Darwin's theory of biological evolution helps us understand how simple life forms can give rise to complex lifeforms, but how did the first reproducing creatures come about? The origin of life needs its own explanation.
Issues of genetics and DNA are constantly cropping up in the news from food production and health, to legal cases and ethics. We hear about DNA in movies like Jurassic Park and X-men, we learn bits and pieces about it from TV shows like Dexter and and CSI, but what exactly is DNA, and how does it work?
Biologists teach that all living things on Earth are related. Is there any solid evidence to back this claim? Join us as we explore the facts! We start with a close look at the origin of whales from land mammals, and then touch on the origins of several other critters, including our own species.
The Miller-Urey experiment was the first attempt to scientifically explore ideas about the origin of life. Stanley Miller simulated conditions thought be common on the ancient Earth. The purpose was to test the idea that the complex molecules of life (in this case, amino acids) could have arisen on our young planet through simple, natural chemical reactions.
2015 • Nature
Make way for the ocean’s biggest fish – a whale shark! This awe-inspiring gentle giant feeds on plankton and can reach 18 metres in length. Plus, get a dose of adrenaline as you swim with thousands of hammerhead sharks that gather in massive pulse-quickening shoals in the famous Galapagos Islands!
Helen looks at the latest scientific insight into the aurora - dancing lights in the night sky that have fascinated cultures throughout our history. From the networks of cameras now capturing its vast scale, to novel experiments that probe the threat it poses to modern technology, Helen reveals the dramatic transformation in our understanding of the aurora, and the many mysteries that remain to be solved.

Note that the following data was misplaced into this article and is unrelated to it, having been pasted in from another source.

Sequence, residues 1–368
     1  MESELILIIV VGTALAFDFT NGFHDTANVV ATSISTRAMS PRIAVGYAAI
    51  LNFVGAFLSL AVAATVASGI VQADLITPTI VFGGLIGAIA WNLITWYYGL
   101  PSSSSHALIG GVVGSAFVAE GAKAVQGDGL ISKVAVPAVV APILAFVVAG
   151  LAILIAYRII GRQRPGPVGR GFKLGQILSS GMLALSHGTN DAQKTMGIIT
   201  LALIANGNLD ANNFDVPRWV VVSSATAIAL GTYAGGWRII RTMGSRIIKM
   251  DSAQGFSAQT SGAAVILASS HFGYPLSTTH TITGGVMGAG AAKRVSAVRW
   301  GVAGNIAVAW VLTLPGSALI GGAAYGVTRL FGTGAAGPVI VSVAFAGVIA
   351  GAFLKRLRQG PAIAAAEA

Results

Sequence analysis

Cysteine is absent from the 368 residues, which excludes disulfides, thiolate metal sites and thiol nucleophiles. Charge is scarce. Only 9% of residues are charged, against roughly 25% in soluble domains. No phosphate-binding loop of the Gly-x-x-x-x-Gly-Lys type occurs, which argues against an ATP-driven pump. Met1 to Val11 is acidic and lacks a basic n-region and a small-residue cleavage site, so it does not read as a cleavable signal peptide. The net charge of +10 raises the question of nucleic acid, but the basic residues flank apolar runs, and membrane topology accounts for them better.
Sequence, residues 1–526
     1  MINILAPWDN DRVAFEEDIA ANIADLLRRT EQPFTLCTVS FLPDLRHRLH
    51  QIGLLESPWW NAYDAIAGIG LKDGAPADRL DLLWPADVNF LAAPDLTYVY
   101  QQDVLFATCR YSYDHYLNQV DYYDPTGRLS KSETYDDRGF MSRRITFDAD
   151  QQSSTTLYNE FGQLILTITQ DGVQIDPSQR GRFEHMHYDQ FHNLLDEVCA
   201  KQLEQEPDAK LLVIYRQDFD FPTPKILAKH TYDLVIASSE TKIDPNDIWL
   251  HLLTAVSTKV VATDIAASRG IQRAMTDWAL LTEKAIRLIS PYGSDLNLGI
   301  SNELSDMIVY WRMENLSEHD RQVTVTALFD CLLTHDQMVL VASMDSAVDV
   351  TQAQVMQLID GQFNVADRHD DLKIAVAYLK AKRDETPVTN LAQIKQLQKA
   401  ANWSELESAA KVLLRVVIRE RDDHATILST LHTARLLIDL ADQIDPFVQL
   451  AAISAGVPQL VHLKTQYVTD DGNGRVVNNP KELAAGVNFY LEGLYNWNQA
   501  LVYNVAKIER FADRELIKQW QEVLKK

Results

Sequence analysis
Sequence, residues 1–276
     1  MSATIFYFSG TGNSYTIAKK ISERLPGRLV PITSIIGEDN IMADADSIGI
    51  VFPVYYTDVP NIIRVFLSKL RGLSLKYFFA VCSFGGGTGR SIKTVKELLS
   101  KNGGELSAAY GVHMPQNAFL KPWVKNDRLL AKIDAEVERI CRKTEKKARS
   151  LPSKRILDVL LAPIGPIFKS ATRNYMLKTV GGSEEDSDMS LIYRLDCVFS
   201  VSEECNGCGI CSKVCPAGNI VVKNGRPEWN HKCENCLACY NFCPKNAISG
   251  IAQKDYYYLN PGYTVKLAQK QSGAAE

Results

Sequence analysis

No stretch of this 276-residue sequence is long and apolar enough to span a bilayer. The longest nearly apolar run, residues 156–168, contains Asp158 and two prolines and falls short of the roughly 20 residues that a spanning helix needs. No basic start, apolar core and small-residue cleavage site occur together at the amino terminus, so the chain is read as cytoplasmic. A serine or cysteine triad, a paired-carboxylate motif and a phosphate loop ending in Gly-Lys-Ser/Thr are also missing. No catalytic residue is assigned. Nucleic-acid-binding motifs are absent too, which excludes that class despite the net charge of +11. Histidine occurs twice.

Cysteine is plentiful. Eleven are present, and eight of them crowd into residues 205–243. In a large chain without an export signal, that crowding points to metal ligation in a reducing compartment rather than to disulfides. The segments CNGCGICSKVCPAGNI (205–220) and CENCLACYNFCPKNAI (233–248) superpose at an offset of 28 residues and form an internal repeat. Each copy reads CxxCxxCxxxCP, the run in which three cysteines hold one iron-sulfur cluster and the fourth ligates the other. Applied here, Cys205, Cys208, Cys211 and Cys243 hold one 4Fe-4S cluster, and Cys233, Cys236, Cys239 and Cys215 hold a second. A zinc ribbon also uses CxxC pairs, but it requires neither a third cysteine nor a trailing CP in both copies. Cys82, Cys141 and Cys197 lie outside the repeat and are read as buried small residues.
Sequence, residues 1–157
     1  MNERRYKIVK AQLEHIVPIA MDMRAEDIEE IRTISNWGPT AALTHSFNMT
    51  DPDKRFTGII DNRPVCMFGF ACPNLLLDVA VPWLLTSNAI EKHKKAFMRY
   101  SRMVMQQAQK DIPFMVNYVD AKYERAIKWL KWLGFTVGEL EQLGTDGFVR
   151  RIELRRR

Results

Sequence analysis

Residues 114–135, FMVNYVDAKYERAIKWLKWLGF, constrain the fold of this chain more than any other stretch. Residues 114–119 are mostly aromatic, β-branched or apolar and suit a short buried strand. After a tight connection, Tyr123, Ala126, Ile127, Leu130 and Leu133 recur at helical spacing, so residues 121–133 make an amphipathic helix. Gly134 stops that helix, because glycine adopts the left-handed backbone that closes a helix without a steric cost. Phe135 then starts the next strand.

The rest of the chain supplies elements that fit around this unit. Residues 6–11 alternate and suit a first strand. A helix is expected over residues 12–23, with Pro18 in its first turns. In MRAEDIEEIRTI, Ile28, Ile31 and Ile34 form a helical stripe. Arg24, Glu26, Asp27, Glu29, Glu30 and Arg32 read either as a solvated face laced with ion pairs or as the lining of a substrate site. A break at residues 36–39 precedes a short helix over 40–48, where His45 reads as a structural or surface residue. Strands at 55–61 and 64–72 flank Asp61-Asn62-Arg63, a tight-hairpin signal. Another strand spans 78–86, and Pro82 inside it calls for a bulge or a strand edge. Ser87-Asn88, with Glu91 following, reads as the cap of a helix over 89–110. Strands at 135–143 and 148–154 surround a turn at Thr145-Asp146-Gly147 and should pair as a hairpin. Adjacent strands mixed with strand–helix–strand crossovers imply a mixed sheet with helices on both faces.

Tanzania's Lake Manyara National Park boasts a number of diverse habitats. From woodland savannas to grassy marshes, the region is a special part of the east African ecosystem and provides a wealth of resources to the wildlife that call it home.
The secret lives of the world’s most mysterious cats are brought to light by advances in remote and low-light filming technology. In South Africa, we follow the nocturnal pursuits of the tiny black-footed cat that stakes its claim to the title of the world's deadliest, and in remotest Mongolia we reveal the rarely seen Pallas's cat, at home with her kittens - she hunts by looking like a rock. Finally, in South Africa, we uncover the secret of the serval that thrives amongst the futuristic landscape of Africa's biggest industrial complex. These are remarkable cats, with surprising lives in extraordinary places.